Tuesday, October 31, 2006

"The Eve Upon Us"

Here's wishing everyone a real ducky and safe Halloween!

Sunday, October 29, 2006

Reviews: "The Creeper" & "Hellboy"

The new DC limited series, "The Creeper" (written by Steve Niles, art by Justiniano & Walden Wong), thus far, is a good example of how pretty pictures can't save a poor story.

This is an attempt of updating yet another old DC character into the "modern" DC Universe, and as usual, the writer wants to take all of the real fun out of the book and turn the character into a darker version of the original.

In this story, Jack Ryder (The Creeper's alter ego) is injected with a nano-technology serum which was supposingly created to regenerate destroyed skin tissue: a "smart skin", it's called.

However, when Ryder first becomes The Creeper, it is like there's no big surprize to him at all. I dunno. Say, someone stuck this needle in my stomach full of an unknown substance and I suddenly became this highly atheletic person with yellow skin and green hair and "whatever the hell is this red-thing that's supposed to be growing out of my back", and instant healing abilities of the X-Men's Wolverine, I really think it'd be more of a shock. But obviously NOT to Ryder. He even creates a name for himself (i.e., "The Creeper") right out of thin air when asked who he is. This is all just a bit TOO unimaginative and poorly handled by writer Steve Niles to me.

Also there's this matter of a "smart skin". Yeah. So smart it knows how to make itself look like gloves and boots...and trunks. Albeit that DC wouldn't want The Creeper to have this long, flowing green pubic hair between his legs, but really. The formula knew how to make clothing??? Have I really missed that much by reading the first two issues of this limited series?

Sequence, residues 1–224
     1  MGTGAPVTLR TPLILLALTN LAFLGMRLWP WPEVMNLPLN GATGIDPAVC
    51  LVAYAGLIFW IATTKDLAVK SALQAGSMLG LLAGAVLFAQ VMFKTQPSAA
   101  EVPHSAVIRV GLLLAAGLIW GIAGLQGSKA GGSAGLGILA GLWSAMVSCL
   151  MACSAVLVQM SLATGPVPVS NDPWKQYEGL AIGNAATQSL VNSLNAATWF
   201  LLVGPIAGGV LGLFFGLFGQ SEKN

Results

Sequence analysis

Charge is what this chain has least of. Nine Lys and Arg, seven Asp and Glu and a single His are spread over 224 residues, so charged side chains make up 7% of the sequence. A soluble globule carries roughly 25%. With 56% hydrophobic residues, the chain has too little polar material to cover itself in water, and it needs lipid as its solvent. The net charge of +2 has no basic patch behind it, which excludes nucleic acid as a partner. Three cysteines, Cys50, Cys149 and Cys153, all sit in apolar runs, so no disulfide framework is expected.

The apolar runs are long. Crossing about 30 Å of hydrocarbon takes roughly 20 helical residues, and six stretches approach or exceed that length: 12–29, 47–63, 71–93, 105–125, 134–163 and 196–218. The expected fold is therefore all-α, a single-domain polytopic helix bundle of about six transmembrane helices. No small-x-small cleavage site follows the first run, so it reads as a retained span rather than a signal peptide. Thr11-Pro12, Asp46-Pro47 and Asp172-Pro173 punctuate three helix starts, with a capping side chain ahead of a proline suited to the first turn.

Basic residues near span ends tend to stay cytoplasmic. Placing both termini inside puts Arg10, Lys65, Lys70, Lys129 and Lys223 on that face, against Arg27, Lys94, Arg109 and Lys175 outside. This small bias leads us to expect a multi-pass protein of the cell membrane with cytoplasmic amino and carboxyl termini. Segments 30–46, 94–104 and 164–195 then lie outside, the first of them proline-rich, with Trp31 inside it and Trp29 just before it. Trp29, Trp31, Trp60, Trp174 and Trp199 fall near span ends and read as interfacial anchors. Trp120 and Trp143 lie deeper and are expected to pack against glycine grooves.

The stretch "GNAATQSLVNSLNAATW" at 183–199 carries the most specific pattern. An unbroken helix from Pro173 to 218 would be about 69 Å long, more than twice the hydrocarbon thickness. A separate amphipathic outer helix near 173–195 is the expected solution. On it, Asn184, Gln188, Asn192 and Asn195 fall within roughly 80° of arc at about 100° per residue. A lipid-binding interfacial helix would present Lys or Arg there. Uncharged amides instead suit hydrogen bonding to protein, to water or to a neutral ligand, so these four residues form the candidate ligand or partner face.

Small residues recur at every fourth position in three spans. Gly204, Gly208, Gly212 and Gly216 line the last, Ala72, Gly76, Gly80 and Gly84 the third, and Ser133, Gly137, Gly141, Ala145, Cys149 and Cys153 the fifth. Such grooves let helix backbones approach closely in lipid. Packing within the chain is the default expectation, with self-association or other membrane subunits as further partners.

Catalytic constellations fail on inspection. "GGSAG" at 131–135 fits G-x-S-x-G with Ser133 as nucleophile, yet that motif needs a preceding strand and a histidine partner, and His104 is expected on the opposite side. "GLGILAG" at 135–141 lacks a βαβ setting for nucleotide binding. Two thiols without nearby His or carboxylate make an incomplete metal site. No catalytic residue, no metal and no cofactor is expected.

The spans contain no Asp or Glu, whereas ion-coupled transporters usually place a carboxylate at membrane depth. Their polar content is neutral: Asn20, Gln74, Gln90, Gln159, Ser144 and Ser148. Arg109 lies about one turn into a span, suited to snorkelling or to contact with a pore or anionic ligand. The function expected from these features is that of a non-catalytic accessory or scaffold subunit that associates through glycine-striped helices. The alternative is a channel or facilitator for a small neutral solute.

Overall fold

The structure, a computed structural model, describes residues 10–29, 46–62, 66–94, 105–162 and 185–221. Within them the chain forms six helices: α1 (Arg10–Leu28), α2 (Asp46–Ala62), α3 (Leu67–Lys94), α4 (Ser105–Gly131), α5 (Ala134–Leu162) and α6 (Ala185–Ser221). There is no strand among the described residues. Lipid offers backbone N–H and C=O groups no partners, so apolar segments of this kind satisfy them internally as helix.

Then he tells one guy that he's known as "The Creeper". By who (or is that, "whom")? Who knows he's The Creeper outside as a few bad guys he told that to while beating the crap out of them, and to The Batman in the second issue?

I can see why Steve Ditko is pissed at comics these days.

And...I hate to give two poor reviews in a roll here, but I watched the animated Hellboy: Sword of Storms flick on The Cartoon Network last night. Just barely, however as it was so boring I had a difficult time trying not to fall asleep during its running time of 90 minutes, crammed with commercials every ten of that.

If you're looking for any indication that Mike Mignola is involved in this flick outside of the names of the characters being the same, you probably want to pass on seeing this. It certainly lived up ("down"?) to any expectations I had read about it well over a month ago. (Best to just re-watch the live-action movie again and not waste your time on it.)

Wednesday, October 25, 2006

"Late October"

After being disapointed with seeing The Ultimate Avengers first animated flick, I wasn't so sure I wanted to see the second one. But recently Cartoon Network showed it and with nothing really better to do, I watched. I surprized that it was so much better than the first.

Differences aside from The Avengers of which I grew up with (and noted of what I did or didn't like in that flick in a previous post), this second one was okay. For one thing, Thor was played down from being nothing more than an ale guzzling chump. A more spiritual side was shown to the character, and it was more in keeping with his "old-English-speaking-self" that I read probably all of in the 1960's. More of his godly nobility was shown.

The Hulk was also down-played and Bruce Banner's keen scientific mind amped. What was shown of The Hulk was used well.

And that's about all I can comment on regarding that without releasing any spoilers for those who might not have seen it yet and care to.

Picked up three new comics this week. For a change, one was (speak of the devil) a Marvel: Hulk 99. Looks like I stepped right into the middle of a storyline with the character being on some alien planet. Seems The Hulk, also, has a more logical mind these days. Interesting to read an issue after some time now. The cover really attracted my attention.

Picked up Detective 824, which is also part of a continuing story involving some of Batman's old villians (The Penquin and The Riddler) going straight and making their fortunes "legally". But, you know those two. I'm sure it won't be long until they're bad guys once again.

Also got the current issue of Green Arrow (67, I think), which has Oliver Queen out on this island or some such thing hanging around with an oriental fighting instructor. (Yawn.)